Fact Check: Gold Fringe On A U.S. Flag Does NOT Signal Maritime NOR Martial Law Is In Effect

Fact Check

  • by: Sarah Thompson
Fact Check: Gold Fringe On A U.S. Flag Does NOT Signal Maritime NOR Martial Law Is In Effect Decoration

Does gold fringe on the American Flag signal imposition of Maritime or Martial Law? No, that's not true: Gold fringe is a decorative option. Although the U.S. Flag code makes no reference to gold fringe, it has been used since 1835. In 1895 the fringe was added to the flag of all regiments of the U.S. Army. The Marine Corps does have a regulation which prohibits gold fringe on a flag. Although there have been conspiracies about what significance this fringe might have, it is nothing more than an optional decoration, or as described by the American Legion, an "honorable enrichment." American Flags with fringe can be displayed indoors or outdoors, can be carried in parades, or displayed in public or private offices or in buildings such as courthouses, churches, and school auditoriums.

The claim originated as a screenshot reproduced in a post (archived here) where it was published on January 20, 2021. It opened:

"Relax everyone. Trump either signed the insurrection act or we are in martial law. The flag behind Trump this morning had a gold fringe and that signifies martial law. You can look it up. The whole Biden inauguration was not valid and he will be arrested for treason later today."

This is what the post looked like on Facebook at the time of writing:

Facebook screenshot

(Source: Facebook screenshot taken on Wed Jan 20 22:30:14 2021 UTC)

There have been conspiracies around the gold fringe on American Flags for years. The U.S. Flag code does not specifically address this gold fringe and this has left room for people to question if it is proper.

The American Legion Website has a page addressing gold fringe on American flags.

What is the significance of the gold fringe which we see on some United States flags?

Records indicate that fringe was first used on the flag as early as 1835. It was not until 1895 that it was officially added to the national flag for all regiments of the Army. For civilian use, fringe is not required as an integral part of the flag, nor can its use be said to constitute an unauthorized addition to the design prescribed by statute. It is considered that fringe is used as an honorable enrichment only. (Military tradition)

The courts have deemed without merit and frivolous, lawsuits that contend that the gold fringe adorning the flag conferred Admiralty/Maritime jurisdiction.

There is also a page dedicated to the top ten myths about the flag:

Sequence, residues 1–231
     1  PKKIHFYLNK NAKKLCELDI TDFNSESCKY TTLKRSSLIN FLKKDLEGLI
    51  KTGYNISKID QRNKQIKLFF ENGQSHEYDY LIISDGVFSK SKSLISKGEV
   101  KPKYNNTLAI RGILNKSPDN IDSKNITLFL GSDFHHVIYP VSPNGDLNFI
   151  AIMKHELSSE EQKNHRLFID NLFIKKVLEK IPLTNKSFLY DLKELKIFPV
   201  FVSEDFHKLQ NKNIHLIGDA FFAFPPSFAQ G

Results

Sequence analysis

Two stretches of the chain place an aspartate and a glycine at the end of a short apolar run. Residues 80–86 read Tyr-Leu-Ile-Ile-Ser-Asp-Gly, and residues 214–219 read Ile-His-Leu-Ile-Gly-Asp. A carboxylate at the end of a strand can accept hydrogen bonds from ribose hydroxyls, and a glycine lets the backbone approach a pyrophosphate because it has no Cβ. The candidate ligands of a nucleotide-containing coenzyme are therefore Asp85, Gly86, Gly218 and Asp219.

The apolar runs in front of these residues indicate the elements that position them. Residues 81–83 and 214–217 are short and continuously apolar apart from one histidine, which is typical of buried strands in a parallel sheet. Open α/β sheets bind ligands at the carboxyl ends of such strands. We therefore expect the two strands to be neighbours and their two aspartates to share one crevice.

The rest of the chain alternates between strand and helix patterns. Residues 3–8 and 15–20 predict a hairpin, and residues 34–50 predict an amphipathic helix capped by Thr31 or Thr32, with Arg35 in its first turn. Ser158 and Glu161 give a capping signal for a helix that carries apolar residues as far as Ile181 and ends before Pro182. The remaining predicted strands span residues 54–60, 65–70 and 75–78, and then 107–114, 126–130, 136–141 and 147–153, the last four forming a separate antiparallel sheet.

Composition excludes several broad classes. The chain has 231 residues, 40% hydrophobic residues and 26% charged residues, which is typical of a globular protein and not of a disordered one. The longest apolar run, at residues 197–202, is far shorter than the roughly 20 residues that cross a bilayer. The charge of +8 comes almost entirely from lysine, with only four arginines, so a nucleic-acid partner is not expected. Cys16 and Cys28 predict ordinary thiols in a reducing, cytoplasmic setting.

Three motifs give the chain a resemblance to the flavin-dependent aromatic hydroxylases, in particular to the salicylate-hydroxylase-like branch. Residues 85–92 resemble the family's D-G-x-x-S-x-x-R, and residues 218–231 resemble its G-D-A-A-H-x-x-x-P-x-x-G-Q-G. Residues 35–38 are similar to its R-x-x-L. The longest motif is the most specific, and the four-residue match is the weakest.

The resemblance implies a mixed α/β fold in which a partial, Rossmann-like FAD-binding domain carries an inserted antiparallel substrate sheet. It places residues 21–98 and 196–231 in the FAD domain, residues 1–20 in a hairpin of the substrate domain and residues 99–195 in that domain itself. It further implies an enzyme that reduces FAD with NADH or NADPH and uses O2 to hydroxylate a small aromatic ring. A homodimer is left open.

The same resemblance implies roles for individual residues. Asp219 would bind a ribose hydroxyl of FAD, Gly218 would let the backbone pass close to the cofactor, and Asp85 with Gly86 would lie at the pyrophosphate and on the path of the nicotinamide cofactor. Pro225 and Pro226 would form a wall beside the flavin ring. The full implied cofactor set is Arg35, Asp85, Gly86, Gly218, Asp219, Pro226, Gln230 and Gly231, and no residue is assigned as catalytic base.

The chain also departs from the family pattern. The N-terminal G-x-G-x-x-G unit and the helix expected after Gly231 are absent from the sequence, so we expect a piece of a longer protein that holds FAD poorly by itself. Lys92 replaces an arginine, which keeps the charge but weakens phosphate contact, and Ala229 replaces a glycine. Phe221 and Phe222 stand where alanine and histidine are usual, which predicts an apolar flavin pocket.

The Flag Code prohibits the "fringing" of the flag.
Fringing of the flag is neither approved of nor prohibited by the Flag Code. The American Legion considers that fringe is used as an honorable enrichment to the Flag. Additionally the courts have deemed without merit and frivolous, lawsuits that contend that the gold fringe adorning the flag conferred Admiralty/Maritime jurisdiction.


Images sourced: center: CPAC 2020 Feb. 29, 2020- AP Photo/Jose Luis Magana
Upper right: January 11, 2017 LUCAS JACKSON / REUTERS
Center right April 24, 2017 AP Photo/Andrew Harnik- in oval office
Lower Right: January 6, 2021 Ellipse speech- AP Photo/Jacquelyn Martin

Regardless of the personal opinions and conspiracy theories about this flag code ambiguity, currently flags trimmed with gold fringe are in common use and carry no specific additional meaning. To only focus on the gold fringe trimmed flags which were displayed in the background of President Donald Trump's final videotaped address of January 19, 2021, as if that is a secret message about martial law- is to ignore that there have been gold trimmed flags featured prominently throughout this presidency.

Lead stories debunked a rumor about Donald Trump invoking the Insurrection Act in an article on January 11, 2021.

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  Sarah Thompson

Sarah Thompson lives with her family and pets on a small farm in Indiana. She founded a Facebook page and a blog called “Exploiting the Niche” in 2017 to help others learn about manipulative tactics and avoid scams on social media. Since then she has collaborated with journalists in the USA, Canada and Australia and since December 2019 she works as a Social Media Authenticity Analyst at Lead Stories.


Read more about or contact Sarah Thompson

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